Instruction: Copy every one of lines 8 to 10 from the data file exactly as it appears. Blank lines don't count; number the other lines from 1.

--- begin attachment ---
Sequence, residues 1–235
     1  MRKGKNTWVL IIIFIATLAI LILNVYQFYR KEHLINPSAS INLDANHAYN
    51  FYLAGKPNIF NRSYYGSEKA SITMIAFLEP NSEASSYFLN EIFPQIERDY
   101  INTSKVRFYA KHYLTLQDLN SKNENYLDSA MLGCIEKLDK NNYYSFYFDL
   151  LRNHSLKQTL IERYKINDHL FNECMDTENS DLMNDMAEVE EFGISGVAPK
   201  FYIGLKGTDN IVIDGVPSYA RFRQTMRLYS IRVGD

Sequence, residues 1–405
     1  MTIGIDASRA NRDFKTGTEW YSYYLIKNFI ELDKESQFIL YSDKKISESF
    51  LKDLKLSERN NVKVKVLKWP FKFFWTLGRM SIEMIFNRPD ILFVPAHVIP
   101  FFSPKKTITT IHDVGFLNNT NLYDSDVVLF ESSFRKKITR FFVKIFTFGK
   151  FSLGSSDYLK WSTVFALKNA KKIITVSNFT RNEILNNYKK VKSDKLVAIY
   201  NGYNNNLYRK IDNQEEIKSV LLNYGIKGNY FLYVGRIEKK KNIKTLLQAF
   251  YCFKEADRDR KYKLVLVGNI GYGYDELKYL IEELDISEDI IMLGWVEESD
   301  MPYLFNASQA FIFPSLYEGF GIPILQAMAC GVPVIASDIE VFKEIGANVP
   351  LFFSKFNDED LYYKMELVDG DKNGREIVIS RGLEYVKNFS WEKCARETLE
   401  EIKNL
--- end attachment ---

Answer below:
     1  MTIGIDASRA NRDFKTGTEW YSYYLIKNFI ELDKESQFIL YSDKKISESF
    51  LKDLKLSERN NVKVKVLKWP FKFFWTLGRM SIEMIFNRPD ILFVPAHVIP
   101  FFSPKKTITT IHDVGFLNNT NLYDSDVVLF ESSFRKKITR FFVKIFTFGK